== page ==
The report we prepared was light in tone, but looked at serious things; how far had people travelled for Turner Contemporary’s festival, how did they move across the town when they got here, and where did they spend their money.

It included statistical analysis, based on talking to 250 people, alongside anecdotal evidence.

“This document attempts to join dots where perhaps dots shouldn’t be
joined, and to make assumptions where perhaps assumptions shouldn’t be
made. But that’s the role of the artist; to see a bigger picture made up from
small brushstrokes.”

You can download and read the observatory-paper-no-1-1 here.

My broken European heart

nb This is written today, amidst the greatest uncertainty we’ve ever experienced in my lifetime, in the tattered remains of a postwar political consensus. I’m hurting. Be kind.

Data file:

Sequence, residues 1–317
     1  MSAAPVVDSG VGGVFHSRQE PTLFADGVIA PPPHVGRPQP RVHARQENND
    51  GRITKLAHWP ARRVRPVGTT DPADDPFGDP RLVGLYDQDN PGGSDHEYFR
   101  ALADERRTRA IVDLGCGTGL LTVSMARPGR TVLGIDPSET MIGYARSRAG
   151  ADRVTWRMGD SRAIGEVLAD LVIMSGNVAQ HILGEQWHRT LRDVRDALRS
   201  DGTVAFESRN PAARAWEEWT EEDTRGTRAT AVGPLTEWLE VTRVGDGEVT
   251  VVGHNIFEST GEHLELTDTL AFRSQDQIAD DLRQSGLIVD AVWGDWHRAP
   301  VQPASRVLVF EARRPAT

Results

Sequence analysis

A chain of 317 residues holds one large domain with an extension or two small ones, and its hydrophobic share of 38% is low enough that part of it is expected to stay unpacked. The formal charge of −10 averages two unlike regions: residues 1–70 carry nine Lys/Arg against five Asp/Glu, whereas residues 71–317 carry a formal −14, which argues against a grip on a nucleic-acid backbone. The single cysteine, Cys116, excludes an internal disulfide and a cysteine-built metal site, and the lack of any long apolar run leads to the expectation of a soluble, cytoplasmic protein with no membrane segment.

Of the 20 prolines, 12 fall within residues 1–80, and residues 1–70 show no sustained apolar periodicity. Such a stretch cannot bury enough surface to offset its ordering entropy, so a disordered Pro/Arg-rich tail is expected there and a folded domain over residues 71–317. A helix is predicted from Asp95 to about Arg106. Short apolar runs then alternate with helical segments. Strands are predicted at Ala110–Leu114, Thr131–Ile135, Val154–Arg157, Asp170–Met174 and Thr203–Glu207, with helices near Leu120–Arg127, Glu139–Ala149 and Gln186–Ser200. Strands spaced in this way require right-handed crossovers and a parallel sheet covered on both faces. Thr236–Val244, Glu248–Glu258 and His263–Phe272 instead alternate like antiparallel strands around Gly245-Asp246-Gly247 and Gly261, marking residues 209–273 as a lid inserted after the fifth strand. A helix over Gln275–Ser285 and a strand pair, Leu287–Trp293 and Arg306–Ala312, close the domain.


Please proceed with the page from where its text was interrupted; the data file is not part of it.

I am European. I was born in 1974, in a European country. I love being European, and I love being British. There’s no contradiction there; I am also proud of being from Sussex too, with all the traditions that brings. And will always love my hometown, Worthing, which has its own identity, quirks and ways within the wider county. Think of it like Russian dolls, a Worthing boy, my Sussex identity nestled inside my Britishness, inside a European shell.

6972228767_df88d58d78_o

In the last few years, I have been very lucky and, for the first time in my life and thanks to work, I have been able to travel. We had a couple of childhood holidays – Austria with PGL, Paris – but I have never had the opportunity to travel. My 20 year old daughter travels casually, spending a few months abroad with no concerns, while I pack and repack for a few days in Ireland.